Aries Dela Cruz: Not interested in becoming NYC mayor

‘My new job is not necessarily difficult, just more exhausting.’ Facebook photos

‘My new job is not necessarily difficult, just more exhausting.’ Facebook photos

By Cristina DC Pastor

The appointment in April of Aries Dela Cruz as Manhattan Regional Representative for Governor Andrew Cuomo was both good and bad news for the Filipino community of New York City.

Bad, because he had to step down as president of the emerging Filipino American Democratic Club, which he founded in 2016. Good, because his new job opens a sliver of a pathway for Aries, a grassroots political organizer, to possibly become the first Filipino mayor of New York.

“I do not want to become mayor of New York,” declared Aries, smiling, when asked by The FilAm if being mayor is in his line of sight if not in his peripheral vision. He was amused because it’s a question often asked of him by Filipinos and the FilAm media.

“It is a really hard job,” he quickly added.

Perhaps the question was posed too early. Aries is only 33 years old, quite new to NYC politics’ inner circle. But he is fast rising, appears to have good connections, and, given his Columbia University education and his vigorous work organizing Democrats in his FilAm community and his West Harlem neighborhood, has what it takes to advance to the top.

Before his appointment to the governor’s office, he oversaw digital strategy and operations for Manhattan Borough President Gale Brewer. After a little more than a year, he was offered his current position. One of the people who put in a good word for him was Matthew Rubin, his predecessor. Rubin has moved on to Cuomo’s campaign team.

He continued to explain why being mayor, or any elective position, is not something he would seek out.

Aries at 4 years old in the Philippines.

Aries at 4 years old in the Philippines.

“I always enjoyed just being behind the scenes,” he said. “I’m not very flashy. Low key…That’s really more of my style. And I think that’s why I was picked for this position. I’m more interested in solving problems without being super showy.”

Another reason has to do with the public’s expectation, at least in an American democracy, of elected officials as the archetypal public servants.

He said, “When you’re elected everyone is your boss. They really expect you to cater to them. I have seen members of the public accost and berate their local elected officials, like, ‘You work for me.’”

He is not averse to seeking out higher level positions, but draws the line against elective posts.

As Cuomo’s Manhattan representative, Aries’s responsibility is to establish relationships with all the elected officials in the borough. That includes the office of Borough President Gale Brewer, the NYC Council, and occasionally, the state legislators. Cuomo has regional representatives in all the five boroughs.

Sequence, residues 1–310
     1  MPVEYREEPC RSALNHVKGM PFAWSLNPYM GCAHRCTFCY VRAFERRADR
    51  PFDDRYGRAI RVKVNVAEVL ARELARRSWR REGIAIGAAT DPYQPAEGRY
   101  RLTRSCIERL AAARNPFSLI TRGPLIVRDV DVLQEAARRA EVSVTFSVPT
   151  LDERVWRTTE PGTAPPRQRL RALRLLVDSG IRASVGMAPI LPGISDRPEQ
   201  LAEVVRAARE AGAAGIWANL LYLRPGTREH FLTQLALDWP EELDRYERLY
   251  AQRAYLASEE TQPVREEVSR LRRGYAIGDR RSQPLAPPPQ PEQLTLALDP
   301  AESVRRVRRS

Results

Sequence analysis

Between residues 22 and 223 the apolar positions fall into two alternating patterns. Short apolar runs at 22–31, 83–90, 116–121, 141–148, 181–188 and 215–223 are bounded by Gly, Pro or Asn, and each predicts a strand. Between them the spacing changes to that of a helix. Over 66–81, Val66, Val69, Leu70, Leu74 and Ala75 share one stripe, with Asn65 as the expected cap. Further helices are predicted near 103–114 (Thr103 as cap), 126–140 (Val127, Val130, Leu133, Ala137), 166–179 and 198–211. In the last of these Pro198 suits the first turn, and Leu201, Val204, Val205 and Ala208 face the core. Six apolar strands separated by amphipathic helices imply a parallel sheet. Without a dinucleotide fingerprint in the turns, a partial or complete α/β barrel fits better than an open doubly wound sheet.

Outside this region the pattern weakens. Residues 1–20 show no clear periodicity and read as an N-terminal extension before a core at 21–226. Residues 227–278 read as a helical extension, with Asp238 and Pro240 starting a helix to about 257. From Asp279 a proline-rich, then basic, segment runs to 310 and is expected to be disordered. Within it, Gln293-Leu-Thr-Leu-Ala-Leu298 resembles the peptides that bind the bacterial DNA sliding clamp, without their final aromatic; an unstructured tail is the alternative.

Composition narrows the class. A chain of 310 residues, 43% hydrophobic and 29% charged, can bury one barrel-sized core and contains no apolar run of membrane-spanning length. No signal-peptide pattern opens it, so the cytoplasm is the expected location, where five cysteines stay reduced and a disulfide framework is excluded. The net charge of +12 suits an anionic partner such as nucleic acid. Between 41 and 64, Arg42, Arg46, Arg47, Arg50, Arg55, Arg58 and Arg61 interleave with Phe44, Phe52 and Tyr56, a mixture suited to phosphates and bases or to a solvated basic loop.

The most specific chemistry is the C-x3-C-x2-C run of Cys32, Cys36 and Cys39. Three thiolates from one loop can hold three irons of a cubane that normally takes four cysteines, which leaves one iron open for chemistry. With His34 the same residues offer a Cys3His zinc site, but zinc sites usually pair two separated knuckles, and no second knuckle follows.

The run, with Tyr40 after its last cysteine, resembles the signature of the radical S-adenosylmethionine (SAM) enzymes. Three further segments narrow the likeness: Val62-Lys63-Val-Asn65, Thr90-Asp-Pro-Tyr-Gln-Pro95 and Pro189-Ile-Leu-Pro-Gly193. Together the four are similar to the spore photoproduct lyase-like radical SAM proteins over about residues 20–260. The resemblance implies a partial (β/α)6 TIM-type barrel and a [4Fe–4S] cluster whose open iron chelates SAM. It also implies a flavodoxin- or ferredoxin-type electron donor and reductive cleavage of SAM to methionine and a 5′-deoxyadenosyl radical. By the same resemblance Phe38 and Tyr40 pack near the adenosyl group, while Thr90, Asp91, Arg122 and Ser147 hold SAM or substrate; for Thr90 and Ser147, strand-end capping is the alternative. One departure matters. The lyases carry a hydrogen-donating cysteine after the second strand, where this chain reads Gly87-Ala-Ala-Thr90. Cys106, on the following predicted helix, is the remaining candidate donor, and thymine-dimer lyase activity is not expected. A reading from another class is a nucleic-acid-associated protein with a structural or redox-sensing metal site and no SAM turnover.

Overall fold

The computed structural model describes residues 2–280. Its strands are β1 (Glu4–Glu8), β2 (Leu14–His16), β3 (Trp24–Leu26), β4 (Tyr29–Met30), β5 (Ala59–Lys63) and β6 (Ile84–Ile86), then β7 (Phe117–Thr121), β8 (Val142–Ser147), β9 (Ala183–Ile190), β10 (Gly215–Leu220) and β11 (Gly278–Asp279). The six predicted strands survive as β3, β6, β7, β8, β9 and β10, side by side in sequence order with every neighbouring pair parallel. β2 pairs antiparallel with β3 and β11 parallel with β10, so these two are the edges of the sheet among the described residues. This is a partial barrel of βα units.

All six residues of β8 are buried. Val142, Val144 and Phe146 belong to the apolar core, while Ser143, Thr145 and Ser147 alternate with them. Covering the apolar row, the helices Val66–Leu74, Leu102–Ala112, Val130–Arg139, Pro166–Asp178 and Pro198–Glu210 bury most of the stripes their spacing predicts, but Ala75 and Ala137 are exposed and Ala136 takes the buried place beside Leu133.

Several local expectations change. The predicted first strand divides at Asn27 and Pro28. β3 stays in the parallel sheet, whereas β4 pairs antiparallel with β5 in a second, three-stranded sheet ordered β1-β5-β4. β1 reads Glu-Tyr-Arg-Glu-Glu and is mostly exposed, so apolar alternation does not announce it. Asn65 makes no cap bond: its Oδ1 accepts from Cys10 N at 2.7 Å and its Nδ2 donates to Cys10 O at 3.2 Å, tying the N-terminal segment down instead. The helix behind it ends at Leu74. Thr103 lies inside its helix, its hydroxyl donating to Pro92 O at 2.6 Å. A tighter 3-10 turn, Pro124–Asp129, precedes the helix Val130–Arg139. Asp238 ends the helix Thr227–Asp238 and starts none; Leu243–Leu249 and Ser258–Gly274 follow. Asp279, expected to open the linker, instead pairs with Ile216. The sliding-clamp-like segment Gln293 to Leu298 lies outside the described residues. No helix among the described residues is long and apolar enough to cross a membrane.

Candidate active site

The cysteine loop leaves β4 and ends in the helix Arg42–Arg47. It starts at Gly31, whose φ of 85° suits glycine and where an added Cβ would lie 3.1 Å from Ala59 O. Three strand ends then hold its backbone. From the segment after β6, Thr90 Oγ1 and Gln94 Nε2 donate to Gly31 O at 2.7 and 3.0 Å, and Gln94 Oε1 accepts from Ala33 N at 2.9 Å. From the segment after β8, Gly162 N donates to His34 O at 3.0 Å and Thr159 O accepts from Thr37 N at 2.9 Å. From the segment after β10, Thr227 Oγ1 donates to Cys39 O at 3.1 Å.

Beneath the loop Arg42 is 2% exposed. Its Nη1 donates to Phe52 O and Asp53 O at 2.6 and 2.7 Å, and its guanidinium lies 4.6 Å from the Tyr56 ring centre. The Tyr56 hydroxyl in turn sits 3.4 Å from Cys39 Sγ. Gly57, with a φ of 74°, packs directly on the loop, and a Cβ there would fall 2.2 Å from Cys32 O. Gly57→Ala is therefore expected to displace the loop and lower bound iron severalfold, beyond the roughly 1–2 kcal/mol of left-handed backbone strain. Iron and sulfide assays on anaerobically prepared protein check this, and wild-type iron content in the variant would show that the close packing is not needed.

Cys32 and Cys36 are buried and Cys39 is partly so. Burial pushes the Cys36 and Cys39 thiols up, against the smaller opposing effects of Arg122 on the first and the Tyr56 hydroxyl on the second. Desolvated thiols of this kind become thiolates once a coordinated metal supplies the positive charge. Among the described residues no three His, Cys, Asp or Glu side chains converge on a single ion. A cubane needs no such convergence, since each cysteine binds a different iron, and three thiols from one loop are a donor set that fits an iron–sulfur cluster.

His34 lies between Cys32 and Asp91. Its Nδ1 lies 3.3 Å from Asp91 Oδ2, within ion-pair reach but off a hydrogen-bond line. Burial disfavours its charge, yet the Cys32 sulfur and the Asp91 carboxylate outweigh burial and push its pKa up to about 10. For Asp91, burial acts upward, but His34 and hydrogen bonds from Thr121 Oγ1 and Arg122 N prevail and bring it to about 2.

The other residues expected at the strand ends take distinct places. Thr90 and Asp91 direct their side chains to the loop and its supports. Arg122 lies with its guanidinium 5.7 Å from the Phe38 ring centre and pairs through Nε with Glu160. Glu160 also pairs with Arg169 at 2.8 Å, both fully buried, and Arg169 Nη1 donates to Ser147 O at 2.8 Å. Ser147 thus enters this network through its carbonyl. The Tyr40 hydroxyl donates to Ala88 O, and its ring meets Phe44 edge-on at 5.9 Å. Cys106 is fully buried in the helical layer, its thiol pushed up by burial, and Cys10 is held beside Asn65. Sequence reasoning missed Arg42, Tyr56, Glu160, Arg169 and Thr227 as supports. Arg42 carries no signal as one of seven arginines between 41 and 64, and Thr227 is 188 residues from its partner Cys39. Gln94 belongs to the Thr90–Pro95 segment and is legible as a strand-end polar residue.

“What we do as his regional representatives is we present awards, proclamations, but we also have governmental functions, like when things happen with the environment or with the state health department if there’s an issue with nursing homes, there’s labor issues,” he said. It’s a position where, he remarked in jest, one has to be a “schmoozer but also know how to get things done.”

The Filipino American Democratic Club (FADC) of New York, founded in April 2016, is in the process of deciding who should lead now that Aries is part of the state government. He sees his future role to be that of an adviser. He would want Filipinos, as a community, to become “more engaged, more involved” and not just in a partisan way, but in matters that affect real lives. He would want to see FilAms attend school board meetings or become more informed about issues.

At the May 21 New York State Democratic Party Convention at Hofstra University on Long Island.

At the May 21 New York State Democratic Party Convention at Hofstra University on Long Island.

“Yes, there was Filipinos for Hillary, Filipinos for Bernie and all those, but I was thinking why these groups are only around every four years,” he said, a tinge of disappointment in his voice. “The Democratic Party is much more than the president but is also your local school board, for example.”

While being united is important for a community to access resources, Aries believes the lack of a coherent voice is not exclusive to FilAms. “No ethnic group is ever united,” he said. “I know because I worked with many ethnic groups in Manhattan.”

“I always tell people politics is not just a fun thing, there are actually things (that are involved), people’s immigration status, people’s jobs. It’s much more than these fundraisers, fun rallies, we’re actually trying to get real things done,” he said.

Born in the Philippines in 1985, a turbulent time leading to the EDSA revolution, Aries came to the U.S. at the age of 7. It was also a time of heightened political discussion around the country, as well as in his home where his parents talked of the future of Philippine democracy after the fall of the Marcos Dictatorship.

“That was a really scary time,” he said. “What I learned from that and what was imparted to me is that democracy is really special and precious; it’s not something you can kind of ignore if you’re going to be an adult.”

Aries was a doctoral student at Rutgers when he launched the 2016 campaign urging NIKE to drop Manny Pacquiao as a spokesperson because of his homophobic remarks comparing gay people to animals. The campaign was a success, it heralded the founding of the FilAm Democratic club.

“Hopefully, it’s got a legacy that will continue,” he said.

© The FilAm 2017

With Filipino American Democratic Club Vice President Steven Raga.

With Filipino American Democratic Club Vice President Steven Raga.

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